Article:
The magisterial inquiry into the Paqpaqli għall-Istrina car show incident was concluded in late January but, so far, only highlights of the main findings have been published. Ivan Martin had a closer look at parts of the 1,700-page report.
The inquiry blames British businessman and multimillionaire Paul Bailey for what happened, saying he is to bear “the primary responsibility” for causing the supercar crash, which injured 23 people during the show in October 2015.
It attributes “secondary responsibility” to the 11 volunteers who formed part of an ad hoc organisational committee operating under the auspices of the President. It highlights serious shortcomings in terms of the health and safety measures adopted.
Bailey ‘should never have been driving’
Mr Bailey, who owned and drove the Porsche 918 Spyder which ploughed into the public at speed, should probably never have been driving his supercar around the track. According to the report, the organisers had prepared a document detailing who could drive on the course, and this did not include Mr Bailey or his Porsche.
A supercar, drivers and riders application form and liability statement mentions two vehicles suitable for using the track: a BMW M4 and a less powerful Porsche 991 GT3. In fact, the track had been designed for these cars.
The report also says that according to members of the organising committee, Mr Bailey’s cars should have remained on static display.
The primary cause of the accident was ultimately put down to excessive speed, lack of driver experience and human error.
The report later adds that even Mr Bailey himself admitted to not having test run the track prior to getting behind the wheel and not being involved in designing the circuit.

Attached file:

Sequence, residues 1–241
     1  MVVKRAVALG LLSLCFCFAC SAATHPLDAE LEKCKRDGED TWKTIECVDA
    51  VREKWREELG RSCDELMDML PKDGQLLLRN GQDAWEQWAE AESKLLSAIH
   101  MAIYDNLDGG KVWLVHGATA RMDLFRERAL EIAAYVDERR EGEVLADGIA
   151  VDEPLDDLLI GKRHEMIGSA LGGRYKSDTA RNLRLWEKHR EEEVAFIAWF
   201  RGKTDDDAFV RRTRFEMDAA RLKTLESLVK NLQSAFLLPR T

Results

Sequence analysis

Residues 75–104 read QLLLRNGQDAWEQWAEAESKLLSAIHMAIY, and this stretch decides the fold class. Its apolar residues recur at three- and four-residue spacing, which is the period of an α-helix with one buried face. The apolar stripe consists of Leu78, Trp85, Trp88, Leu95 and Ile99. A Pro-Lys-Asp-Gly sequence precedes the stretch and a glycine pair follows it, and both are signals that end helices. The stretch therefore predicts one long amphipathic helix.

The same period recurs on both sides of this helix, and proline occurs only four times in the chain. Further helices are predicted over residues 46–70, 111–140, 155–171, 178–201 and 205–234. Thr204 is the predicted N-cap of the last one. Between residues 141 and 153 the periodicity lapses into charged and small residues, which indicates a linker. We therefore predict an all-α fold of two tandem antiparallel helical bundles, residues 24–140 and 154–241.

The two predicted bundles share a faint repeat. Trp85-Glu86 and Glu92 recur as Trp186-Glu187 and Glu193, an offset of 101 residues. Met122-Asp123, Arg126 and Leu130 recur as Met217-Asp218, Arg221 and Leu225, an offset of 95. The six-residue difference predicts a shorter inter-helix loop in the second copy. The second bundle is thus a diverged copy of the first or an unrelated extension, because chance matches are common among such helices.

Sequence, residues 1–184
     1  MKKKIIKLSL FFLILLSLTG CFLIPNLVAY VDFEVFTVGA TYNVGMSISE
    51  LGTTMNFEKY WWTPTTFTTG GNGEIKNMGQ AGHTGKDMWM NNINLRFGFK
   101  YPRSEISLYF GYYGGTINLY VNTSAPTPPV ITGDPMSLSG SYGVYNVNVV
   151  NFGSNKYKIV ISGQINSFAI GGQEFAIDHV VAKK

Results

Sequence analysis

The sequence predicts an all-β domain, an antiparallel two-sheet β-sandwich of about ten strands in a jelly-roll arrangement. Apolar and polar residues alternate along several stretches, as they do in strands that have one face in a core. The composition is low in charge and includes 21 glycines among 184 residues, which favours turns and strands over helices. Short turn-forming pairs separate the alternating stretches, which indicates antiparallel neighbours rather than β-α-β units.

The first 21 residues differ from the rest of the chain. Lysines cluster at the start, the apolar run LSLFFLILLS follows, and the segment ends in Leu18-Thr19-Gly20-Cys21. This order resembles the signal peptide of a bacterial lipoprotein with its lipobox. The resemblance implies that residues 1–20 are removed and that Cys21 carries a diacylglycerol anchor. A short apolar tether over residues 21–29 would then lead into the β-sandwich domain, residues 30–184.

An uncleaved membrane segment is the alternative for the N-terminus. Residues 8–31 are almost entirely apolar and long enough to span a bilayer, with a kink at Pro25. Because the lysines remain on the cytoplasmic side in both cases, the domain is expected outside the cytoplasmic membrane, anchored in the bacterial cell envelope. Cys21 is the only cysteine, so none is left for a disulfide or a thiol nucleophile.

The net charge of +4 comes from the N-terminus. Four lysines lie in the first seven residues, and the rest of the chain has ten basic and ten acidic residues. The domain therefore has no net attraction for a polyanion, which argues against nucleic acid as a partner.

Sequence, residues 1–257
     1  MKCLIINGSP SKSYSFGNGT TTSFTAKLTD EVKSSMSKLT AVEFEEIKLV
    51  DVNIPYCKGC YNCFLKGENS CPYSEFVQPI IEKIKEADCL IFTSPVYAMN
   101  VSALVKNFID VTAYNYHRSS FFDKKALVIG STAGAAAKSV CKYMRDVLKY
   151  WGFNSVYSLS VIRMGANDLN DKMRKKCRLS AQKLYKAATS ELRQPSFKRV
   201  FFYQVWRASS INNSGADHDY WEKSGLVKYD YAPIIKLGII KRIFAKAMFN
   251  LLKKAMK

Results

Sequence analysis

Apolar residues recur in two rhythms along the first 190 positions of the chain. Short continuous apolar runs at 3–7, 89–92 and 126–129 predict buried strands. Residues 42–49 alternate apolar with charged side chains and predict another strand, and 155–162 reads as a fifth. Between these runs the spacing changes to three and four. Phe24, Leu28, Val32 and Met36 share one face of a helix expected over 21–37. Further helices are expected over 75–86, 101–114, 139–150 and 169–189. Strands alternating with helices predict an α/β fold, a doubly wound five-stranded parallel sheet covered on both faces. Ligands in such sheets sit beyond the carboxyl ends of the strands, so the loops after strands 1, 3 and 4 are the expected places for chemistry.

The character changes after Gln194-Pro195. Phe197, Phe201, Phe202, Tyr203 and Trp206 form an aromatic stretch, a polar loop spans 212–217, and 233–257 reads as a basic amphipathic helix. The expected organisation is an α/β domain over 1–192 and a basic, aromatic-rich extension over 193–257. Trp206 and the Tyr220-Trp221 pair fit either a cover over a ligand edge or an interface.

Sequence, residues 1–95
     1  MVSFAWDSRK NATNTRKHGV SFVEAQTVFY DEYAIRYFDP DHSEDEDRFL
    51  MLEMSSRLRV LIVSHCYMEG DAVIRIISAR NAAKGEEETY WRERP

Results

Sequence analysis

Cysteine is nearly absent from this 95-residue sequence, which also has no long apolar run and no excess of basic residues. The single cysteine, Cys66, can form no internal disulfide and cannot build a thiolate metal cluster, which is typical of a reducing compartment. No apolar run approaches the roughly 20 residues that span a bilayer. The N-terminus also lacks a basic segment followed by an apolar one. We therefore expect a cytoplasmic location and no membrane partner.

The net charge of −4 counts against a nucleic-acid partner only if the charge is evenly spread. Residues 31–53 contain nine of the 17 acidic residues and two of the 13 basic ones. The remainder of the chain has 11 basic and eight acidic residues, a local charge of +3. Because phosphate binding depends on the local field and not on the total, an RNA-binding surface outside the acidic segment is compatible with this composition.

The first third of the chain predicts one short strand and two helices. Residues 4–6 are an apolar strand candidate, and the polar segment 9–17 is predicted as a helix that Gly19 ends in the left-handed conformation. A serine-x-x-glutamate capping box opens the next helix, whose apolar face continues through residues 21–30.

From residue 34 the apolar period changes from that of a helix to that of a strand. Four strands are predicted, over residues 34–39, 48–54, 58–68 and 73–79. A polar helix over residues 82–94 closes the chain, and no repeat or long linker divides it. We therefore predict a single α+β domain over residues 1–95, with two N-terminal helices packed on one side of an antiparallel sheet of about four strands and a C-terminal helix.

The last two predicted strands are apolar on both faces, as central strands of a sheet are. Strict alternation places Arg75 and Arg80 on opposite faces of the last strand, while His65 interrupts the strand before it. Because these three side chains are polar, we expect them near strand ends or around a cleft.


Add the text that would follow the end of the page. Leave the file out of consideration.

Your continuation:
– The cost of damages sustained by a number of vehicles the Porsche Spyder 918 smashed into when its driver lost control.
Doctors scrambled to save the life of one of the injured spectators when his heart stopped beating as he was receiving medical attention at Mater Dei Hospital.
The inquiry report says that one grievously injured spectator, who was hit by the force of the supercar, was resuscitated by medical staff in intensive care.
He was later released from hospital after undergoing surgery.
A total of 23 people were injured. A six-year-old girl was among four people who were in critical condition in the hours and days that followed the crash.
Mr Bailey also suffered grievous injuries, sustaining blunt force trauma to the head.
Nineteen individuals examined by medical teams at the hospital were found to have suffered blunt trauma.
Another one of the victims suffered what will most likely turn out to be permanent damage to the face.
The report notes that, despite the lack of a contingency plan, Mater Dei was quick to react and went into major accident mode, reallocating resources to help deal with the influx of patients.
Experts from the Porsche offices in Germany flew to Malta to run simulations of the incident and, on the basis of video footage and evidence such as skid marks, determine what could have caused the car to spin out of control.